California leads the nation in many categories with the state claiming first place trophies for highest pension debt and largest budget debt. California’s debt problems, however, may only get worse as Washington’s “cliff” trickles down to the Golden State.
Pension promises that cannot be fulfilled, expensive union contracts and unsustainable government growth have stretched many California municipalities to the breaking point.
When the debt becomes too much, many of California’s municipalities turn to borrowing, transferring, delaying and underfunding government programs. This strategy serves only as a Band-Aid for the short term and will lead to more grave fiscal woes in the long term.
Cities and other municipalities falling on hard financial times is nothing new, but it is not often that any such entity files for bankruptcy as a way of addressing its massive debts. Out of nearly 89,500 municipalities in the country, there were just 239 municipal bankruptcy filings between 1980 and 2010.
Recently, though, a slew of recent high profile municipal bankruptcies in California, including in San Bernardino, Mammoth Lakes and Stockton, have increased the visibility of municipal bankruptcies.
To explain the complexity of the highly intricate bankruptcy process, State Budget Solutions, a non-partisan advocate for state budget reform, released “Municipal Bankruptcy: An Overview For Local Officials.” It helps state and local officials understand both the process and the implications of municipal bankruptcy.
This guide provides as an overview of the basics of municipal bankruptcy, and boils down the municipal bankruptcy process so that officials and citizens have a framework within which to discuss whether bankruptcy is a viable option for their municipality. It outlines who is involved in the process, which states permit municipal bankruptcy, when a municipality may be considered insolvent, the potential costs and benefits of the process, and more.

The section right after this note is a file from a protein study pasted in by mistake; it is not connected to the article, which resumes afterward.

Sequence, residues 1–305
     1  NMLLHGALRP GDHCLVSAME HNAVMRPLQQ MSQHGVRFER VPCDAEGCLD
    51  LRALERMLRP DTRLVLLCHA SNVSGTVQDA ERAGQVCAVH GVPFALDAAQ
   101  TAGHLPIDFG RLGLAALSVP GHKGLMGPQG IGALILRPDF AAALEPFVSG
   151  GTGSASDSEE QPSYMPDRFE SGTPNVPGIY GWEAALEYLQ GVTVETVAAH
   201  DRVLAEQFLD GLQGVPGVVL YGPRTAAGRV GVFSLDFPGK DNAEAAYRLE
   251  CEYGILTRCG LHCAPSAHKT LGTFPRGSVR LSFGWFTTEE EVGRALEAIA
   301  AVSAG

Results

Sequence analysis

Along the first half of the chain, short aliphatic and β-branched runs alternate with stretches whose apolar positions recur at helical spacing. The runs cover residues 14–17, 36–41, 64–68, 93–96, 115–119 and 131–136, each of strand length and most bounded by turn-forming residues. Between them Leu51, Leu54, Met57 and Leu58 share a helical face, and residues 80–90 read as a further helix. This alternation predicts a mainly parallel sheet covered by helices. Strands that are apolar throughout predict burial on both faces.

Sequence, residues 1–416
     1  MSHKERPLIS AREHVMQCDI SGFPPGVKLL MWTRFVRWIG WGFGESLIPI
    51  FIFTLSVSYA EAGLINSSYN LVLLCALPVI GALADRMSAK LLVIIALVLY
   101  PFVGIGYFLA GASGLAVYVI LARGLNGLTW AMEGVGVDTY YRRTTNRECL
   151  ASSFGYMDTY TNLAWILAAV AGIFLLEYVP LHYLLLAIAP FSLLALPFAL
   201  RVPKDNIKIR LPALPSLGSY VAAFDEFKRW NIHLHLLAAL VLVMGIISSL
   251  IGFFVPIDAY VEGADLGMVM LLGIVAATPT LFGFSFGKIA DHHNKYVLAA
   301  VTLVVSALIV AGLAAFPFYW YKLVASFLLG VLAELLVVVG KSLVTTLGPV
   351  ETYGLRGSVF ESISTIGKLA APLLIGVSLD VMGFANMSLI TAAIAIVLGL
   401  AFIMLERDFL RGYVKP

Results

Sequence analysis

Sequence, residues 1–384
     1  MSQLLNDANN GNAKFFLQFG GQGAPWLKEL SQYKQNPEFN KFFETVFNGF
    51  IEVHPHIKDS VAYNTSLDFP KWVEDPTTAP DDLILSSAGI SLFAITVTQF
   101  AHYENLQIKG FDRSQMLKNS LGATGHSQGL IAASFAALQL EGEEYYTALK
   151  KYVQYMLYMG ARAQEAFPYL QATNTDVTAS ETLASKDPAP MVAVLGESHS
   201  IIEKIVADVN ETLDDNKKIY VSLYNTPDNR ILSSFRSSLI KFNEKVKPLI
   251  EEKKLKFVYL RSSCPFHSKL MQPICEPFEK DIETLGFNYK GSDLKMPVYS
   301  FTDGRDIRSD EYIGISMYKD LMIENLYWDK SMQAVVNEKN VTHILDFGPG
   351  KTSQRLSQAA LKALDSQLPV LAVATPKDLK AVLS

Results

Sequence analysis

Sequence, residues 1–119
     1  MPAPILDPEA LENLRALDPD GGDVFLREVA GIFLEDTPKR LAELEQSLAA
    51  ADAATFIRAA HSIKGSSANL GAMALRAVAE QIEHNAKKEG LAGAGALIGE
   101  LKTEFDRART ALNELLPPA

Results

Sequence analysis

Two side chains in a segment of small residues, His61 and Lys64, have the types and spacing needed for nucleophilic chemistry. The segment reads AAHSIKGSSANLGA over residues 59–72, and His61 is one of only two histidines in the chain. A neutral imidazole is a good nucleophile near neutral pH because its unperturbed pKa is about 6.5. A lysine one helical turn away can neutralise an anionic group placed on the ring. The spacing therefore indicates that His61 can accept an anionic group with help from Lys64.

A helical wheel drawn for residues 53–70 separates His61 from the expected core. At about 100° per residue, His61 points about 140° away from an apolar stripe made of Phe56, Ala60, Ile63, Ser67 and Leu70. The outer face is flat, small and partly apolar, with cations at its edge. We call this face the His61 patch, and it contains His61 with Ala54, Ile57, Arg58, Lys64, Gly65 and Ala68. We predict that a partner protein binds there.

While not legal advice, “Municipal Bankruptcy: An Overview For Local Officials” can assist elected officials as they wrestle with difficult decisions, including massive tax increases, deleterious services cuts and state bailouts. It provides an introductory, yet thorough, understanding of the complicated Chapter 9 filing process.
Due to the recent California bankruptcies, the Golden State has become a focal point of municipal bankruptcy. As a result, California courts are addressing some of the unanswered questions regarding pension funds and their status as creditors. Additionally, Vallejo, California, serves as an example of a city that has emerged from bankruptcy. As other California cities face dire fiscal situations, their leaders and citizens alike will consider the municipal bankruptcy process and they must therefore be aware of its ramifications.
Unless government officials learn to exercise budget control, more and more municipalities may face the prospect of bankruptcy. An important dialogue must occur in this country between lawmakers, employees and citizens about options that are available to municipalities to both continue to pay their bills and continue to provide essential services to citizens.